Across Merauke Regency, indigenous Malind communities like that of Zanegi are being lured into ceding vast extents of their lands to palm oil, sugarcane, timber and other companies to develop large-scale plantations. Consent, where sought, is obtained through coercion, deceit, misinformation and the purposeful manipulation and fragmentation of the Malind’s customary community collective decision-making processes and representative institutions. Agustinus Karlo Lumban Raja, Head of the Environment and Policy Initiative Department of Indonesian NGO Sawit Watch, notes:
The proliferation and intensification of horizontal social conflicts over customary land boundaries testifies to the vulnerability of indigenous Malind people whose customary lands are being targeted and developed by the private sector without adequate and fully representative prior consultation with the various clans and tribes who lay claims to these lands.
Terms of compensation are unilaterally imposed rather than negotiated, at rates of less than 0.86 USD per hectare per year per clan. Without exception, interactions between the company and the communities are held in the constant presence of the military and armed forces, such that freedom of expression is restricted and objections to the proposed developments stifled. Even religion has not been spared in this unrestrained land grab, with company representatives passing themselves off as priests to encourage community members to cooperate and give up their lands.
But development is also sorely needed in the villages of Merauke Regency, as Yosefa explains:
It is not that we reject development. Rather, we do not want to be observers to our own development. In some ways, the companies can help us. In practice, however, they trample on our basic rights.
Franky YL Samperante, Executive Director of Indonesian NGO Pusaka, notes:
Land development based on large-scale forest conversion and the import of skilled labour will not benefit the indigenous Malid people. Rather, they will be become alienated from their lands, resources and customary livelihoods and become impoverished labourers. The very existence of this people is at risk. It is imperative that the government suspend further development of the MIFEE project and give due recognition and respect to the customary knowledge, values and rights of the Malind people.
The tragedy of Zanegi has spread through word of mouth to neighbouring villages. They are also being approached by companies seeking to develop their customary lands. As the elders congregate under bivouacs after a collective hunt in the forest to discuss the future of their community, the story of the dying village often surfaces as a vivid and ominous reminder of the consequences of surrendering land. In Baad village sugarcane company PT Anugrah Rejeki Nusantara, a subsidiary of Singapore-based multi-conglomerate Wilmar Group, is seeking to develop a plantation. Sosom clan chief in Baad village, Kasimirus Kaize, cautions:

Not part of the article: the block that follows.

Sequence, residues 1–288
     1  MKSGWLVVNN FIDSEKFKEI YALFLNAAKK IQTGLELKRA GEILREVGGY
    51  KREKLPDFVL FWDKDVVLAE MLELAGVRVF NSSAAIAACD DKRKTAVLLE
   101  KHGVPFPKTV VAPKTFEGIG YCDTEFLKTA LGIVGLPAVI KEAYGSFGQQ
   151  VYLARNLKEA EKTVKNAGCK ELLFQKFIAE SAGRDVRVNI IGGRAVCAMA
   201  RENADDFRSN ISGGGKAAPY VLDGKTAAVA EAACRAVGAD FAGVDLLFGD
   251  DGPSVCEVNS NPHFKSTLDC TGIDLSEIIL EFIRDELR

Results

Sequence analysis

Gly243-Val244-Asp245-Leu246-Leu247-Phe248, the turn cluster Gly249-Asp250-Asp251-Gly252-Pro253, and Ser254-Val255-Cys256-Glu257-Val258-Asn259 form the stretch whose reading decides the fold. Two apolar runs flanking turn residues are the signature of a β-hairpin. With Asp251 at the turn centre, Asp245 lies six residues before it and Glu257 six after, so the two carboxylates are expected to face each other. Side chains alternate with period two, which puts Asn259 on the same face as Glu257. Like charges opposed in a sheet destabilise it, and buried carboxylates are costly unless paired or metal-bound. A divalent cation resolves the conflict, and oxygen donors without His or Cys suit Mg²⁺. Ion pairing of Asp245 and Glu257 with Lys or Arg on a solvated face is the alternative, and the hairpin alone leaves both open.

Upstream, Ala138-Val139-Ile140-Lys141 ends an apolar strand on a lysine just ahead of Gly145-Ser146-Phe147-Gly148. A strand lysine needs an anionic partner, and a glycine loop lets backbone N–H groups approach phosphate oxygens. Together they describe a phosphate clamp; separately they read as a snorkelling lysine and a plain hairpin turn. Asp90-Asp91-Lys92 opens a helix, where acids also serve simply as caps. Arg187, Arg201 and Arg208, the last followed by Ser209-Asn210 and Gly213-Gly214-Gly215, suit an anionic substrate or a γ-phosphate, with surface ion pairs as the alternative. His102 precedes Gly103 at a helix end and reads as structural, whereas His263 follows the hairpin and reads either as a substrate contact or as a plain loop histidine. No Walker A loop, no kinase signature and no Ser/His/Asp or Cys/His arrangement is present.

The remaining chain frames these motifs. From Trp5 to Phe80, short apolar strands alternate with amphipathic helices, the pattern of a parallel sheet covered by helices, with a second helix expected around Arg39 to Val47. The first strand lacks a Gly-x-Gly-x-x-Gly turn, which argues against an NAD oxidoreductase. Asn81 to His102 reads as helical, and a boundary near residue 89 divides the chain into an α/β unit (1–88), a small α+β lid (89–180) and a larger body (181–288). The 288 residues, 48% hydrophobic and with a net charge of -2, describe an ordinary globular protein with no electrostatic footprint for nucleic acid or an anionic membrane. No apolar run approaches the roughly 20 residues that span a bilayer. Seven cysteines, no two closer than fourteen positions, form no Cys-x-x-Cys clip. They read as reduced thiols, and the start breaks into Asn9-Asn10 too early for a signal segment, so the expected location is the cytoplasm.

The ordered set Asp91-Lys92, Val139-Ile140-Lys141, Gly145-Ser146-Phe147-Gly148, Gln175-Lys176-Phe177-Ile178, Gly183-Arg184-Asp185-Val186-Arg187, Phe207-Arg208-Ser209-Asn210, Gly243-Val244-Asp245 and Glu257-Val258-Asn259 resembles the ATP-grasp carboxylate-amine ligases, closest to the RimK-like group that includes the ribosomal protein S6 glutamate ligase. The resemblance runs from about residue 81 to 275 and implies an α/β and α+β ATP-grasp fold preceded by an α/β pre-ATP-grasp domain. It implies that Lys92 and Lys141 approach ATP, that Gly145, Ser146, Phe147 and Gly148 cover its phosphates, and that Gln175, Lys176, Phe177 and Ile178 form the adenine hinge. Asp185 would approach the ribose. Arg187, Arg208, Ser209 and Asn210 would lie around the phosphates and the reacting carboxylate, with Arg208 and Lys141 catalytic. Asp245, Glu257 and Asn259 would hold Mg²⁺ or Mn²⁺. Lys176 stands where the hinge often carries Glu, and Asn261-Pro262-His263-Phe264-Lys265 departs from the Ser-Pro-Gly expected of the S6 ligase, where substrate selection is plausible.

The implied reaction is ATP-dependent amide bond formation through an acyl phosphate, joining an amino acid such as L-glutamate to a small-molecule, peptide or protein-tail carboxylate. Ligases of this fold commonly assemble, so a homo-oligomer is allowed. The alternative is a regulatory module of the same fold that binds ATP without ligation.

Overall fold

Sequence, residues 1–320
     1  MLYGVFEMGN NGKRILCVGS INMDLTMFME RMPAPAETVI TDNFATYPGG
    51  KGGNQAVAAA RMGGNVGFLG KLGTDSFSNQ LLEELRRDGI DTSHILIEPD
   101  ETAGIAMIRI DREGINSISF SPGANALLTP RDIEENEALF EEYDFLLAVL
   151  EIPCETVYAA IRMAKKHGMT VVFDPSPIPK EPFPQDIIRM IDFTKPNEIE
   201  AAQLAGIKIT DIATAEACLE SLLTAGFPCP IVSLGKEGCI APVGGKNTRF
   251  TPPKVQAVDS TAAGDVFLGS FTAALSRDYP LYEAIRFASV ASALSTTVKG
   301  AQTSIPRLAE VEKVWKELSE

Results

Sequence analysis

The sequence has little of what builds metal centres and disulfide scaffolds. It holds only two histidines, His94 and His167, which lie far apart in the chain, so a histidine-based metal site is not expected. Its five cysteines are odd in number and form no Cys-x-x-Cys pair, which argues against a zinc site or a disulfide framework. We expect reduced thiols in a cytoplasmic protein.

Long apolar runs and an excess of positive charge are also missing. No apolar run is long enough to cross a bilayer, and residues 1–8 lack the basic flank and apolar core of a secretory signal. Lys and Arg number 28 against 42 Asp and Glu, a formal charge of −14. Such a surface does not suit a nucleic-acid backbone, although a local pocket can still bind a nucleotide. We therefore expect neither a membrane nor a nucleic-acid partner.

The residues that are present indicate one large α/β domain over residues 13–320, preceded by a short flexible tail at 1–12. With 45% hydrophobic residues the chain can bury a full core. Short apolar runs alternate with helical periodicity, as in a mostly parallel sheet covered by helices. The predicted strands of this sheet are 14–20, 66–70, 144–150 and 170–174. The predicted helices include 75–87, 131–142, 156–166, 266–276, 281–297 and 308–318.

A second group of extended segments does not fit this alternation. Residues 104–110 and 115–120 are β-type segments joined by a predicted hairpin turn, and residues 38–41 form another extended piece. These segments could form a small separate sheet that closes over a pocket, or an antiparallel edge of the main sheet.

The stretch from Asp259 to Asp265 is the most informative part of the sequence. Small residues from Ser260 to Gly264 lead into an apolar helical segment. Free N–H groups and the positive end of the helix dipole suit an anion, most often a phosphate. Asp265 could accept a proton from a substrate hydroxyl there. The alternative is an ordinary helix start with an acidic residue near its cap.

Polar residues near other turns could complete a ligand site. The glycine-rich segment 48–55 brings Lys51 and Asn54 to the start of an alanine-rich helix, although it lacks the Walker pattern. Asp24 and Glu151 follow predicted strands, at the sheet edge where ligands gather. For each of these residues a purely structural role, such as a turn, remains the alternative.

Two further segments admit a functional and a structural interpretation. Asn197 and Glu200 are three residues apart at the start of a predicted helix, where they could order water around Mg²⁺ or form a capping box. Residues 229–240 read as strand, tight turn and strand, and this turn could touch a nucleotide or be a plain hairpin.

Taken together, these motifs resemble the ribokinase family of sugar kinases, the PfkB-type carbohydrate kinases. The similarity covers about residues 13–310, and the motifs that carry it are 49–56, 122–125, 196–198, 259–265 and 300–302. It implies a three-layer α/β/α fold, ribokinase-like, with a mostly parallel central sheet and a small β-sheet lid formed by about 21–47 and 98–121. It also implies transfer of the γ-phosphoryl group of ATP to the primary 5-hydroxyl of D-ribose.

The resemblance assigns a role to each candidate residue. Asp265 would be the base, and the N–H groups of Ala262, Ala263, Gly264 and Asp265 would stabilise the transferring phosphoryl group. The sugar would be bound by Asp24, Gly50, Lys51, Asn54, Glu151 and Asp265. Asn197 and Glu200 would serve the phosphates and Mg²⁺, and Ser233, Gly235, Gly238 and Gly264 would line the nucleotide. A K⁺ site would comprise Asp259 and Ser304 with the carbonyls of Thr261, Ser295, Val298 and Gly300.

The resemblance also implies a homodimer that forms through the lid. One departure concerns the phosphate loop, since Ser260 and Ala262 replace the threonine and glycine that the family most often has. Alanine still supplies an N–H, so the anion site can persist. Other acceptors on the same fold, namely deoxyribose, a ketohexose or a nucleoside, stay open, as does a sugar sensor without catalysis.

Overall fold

We want to accept the company’s offer, but then we see the experience of other villages, such as Zanegi, who have given away their land to companies and have got even poorer than ever before. So we are careful now. Of course, we feel sorry for Zanegi, but in some ways, we are grateful for Zanegi because from their experience we have learned a lot. It makes us think carefully about our own decisions. Our ancestors did not give us our land for us to sell it to companies. To sell it is to kill ourselves. If we start selling the land, we might as well not have children or grand-children anymore, as they will have nowhere to live.
With the first signs of the build-up towards the Presidential Elections in 2014, there is hope that the political momentum will swing towards bringing long-awaited justice and remedy to the indigenous peoples and local communities of Merauke. On the other hand, the momentum could also eclipse those concerns in the eyes of an already unresponsive government. In this volatile context, the submission of civil society organisations to the CERD Committee seeks to raise the voices of the thousands of indigenous Malind whose livelihoods and very existences are threatened by the MIFEE project. But for many mothers like Yosefa, it is already too late. The infant she brought to the world has died quietly in her arms, and the Malind are one life fewer than they were at the break of dawn.